In Condreanu v. Choi, 2020 ONSC 6105, the plaintiff was involved in a motor vehicle accident on November 23, 2017. On November 21, 2019, she commenced an action against a driver, Choi, along with the owner of Choi’s vehicle.
One month prior to commencing the action, the plaintiff’s lawyer provided the insurer of another driver, Kelly, with notice of the plaintiff’s intention to sue Kelly. However, the plaintiff did not sue Kelly.
On January 13, 2020, the lawyer for Choi wrote to the plaintiff’s lawyer advising that Kelly was involved in the accident. The plaintiff brought a motion to add Kelly as a defendant.
The plaintiff’s lawyer attempted to structure her supporting affidavit in a manner to suggest that the claim against Kelly was not discovered until January 13, 2020, when Choi’s lawyer sent the letter. However, the affidavit was not clear on this point. The affidavit did not make any reference to the plaintiff’s lawyer’s letter to Kelly’s insurer on October 21, 2019.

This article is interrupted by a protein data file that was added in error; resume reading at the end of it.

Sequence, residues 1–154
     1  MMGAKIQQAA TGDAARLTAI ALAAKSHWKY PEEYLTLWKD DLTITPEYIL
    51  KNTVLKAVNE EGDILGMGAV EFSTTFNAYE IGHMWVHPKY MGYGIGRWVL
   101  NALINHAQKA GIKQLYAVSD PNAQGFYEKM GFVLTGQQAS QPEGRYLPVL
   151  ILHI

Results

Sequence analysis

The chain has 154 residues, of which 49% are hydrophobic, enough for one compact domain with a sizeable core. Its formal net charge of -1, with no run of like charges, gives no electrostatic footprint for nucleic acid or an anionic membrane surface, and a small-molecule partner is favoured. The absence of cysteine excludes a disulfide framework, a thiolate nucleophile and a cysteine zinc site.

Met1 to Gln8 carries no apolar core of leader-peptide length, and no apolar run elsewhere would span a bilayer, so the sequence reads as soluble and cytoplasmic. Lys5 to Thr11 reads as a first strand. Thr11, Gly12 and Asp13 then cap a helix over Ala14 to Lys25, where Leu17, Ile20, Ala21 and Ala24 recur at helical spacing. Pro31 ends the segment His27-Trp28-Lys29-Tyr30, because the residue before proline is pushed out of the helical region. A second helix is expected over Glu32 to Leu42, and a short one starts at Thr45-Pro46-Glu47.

Further, although the plaintiff’s lawyer described multiple unsuccessful attempts to obtain the Motor Vehicle Collision Report, there was nothing to link the report with the plaintiff’s knowledge of Kelly’s identity.
Justice Charney stated that “the plaintiff’s counsel’s affidavit is an attempt to obfuscate the chronology without directly addressing the key facts necessary to succeed on this motion”.
The court was not provided with any indication as to when the claim against Kelly was actually discovered. As a result, it was presumed that the plaintiff discovered the claim against Kelly on the date of the accident.
Justice Charney, therefore, held that the limitation period expired on November 23, 2019 (two years after the accident), and the plaintiff’s motion to add Kelly was dismissed.